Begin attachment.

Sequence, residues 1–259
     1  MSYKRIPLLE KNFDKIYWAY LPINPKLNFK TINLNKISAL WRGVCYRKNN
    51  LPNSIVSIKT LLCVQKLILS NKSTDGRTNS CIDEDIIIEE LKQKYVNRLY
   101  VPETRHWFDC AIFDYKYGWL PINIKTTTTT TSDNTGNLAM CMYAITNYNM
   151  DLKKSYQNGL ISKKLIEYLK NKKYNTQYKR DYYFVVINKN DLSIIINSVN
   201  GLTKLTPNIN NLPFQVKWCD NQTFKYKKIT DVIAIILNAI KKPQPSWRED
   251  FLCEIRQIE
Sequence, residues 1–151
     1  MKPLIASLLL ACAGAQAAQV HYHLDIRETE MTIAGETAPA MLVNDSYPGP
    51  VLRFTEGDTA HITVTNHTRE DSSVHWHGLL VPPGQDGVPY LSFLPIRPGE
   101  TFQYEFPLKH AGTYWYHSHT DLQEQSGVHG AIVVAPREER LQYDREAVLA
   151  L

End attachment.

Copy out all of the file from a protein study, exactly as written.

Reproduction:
Sequence, residues 1–259
     1  MSYKRIPLLE KNFDKIYWAY LPINPKLNFK TINLNKISAL WRGVCYRKNN
    51  LPNSIVSIKT LLCVQKLILS NKSTDGRTNS CIDEDIIIEE LKQKYVNRLY
   101  VPETRHWFDC AIFDYKYGWL PINIKTTTTT TSDNTGNLAM CMYAITNYNM
   151  DLKKSYQNGL ISKKLIEYLK NKKYNTQYKR DYYFVVINKN DLSIIINSVN
   201  GLTKLTPNIN NLPFQVKWCD NQTFKYKKIT DVIAIILNAI KKPQPSWRED
   251  FLCEIRQIE
Sequence, residues 1–151
     1  MKPLIASLLL ACAGAQAAQV HYHLDIRETE MTIAGETAPA MLVNDSYPGP
    51  VLRFTEGDTA HITVTNHTRE DSSVHWHGLL VPPGQDGVPY LSFLPIRPGE
   101  TFQYEFPLKH AGTYWYHSHT DLQEQSGVHG AIVVAPREER LQYDREAVLA
   151  L